Mental health and medication

A new study from the US has explored mental health problems in people with epilepsy. It assessed whether or not problems with mood or memory might make people less likely to take their medication as prescribed

The study assessed the habits of 100 people with epilepsy. Their aim was to see whether their mood or memory problems affected whether these people took their medications when they should. Several tools were used to assess the mood and memory of each person while observing their medication Leon: The Professional 1994

These people with epilepsy had been living with the condition for an average of 20 years. Around 40 per cent (under half) were taking just one epilepsy medication. More than 70 per cent (almost three quarters) took their medications twice each day.

Tablets on a clockAll of the study participants appeared to believe that they were sticking to their medication regime more closely than they really were. Researchers used a particular method of measuring how well people stuck to their regimes. According to that measure, 35 per cent of the 100 people (around a third) did not keep to their regime.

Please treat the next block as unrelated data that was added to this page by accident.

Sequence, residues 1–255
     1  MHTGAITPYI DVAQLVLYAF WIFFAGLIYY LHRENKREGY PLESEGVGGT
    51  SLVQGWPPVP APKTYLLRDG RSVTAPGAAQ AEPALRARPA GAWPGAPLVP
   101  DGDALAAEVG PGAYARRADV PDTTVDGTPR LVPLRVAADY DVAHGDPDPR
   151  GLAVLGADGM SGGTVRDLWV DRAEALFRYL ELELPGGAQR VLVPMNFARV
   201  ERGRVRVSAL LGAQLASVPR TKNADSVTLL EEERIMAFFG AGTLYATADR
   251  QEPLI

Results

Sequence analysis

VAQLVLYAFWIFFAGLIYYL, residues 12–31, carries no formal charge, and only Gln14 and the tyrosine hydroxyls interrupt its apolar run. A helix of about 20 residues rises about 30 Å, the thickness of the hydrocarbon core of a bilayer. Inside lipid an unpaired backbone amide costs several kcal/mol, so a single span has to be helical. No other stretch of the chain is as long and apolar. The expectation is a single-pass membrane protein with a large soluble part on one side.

When these figures were compared to measures of both memory and mood, it was found that there was no strong link between poor memory and not taking medications when they should. This is interesting, since people with epilepsy often say that poor memory is why they do not take their medication as prescribed.

Interestingly, the group that stuck with their regime well demonstrated lower depression scores than the group who did not. This suggests mood is a more significant factor in whether people with epilepsy will stick to their treatment regime.

The study was conducted by Ohio State University. Full study findings were published in the medical journal Epilepsy & Behavior.

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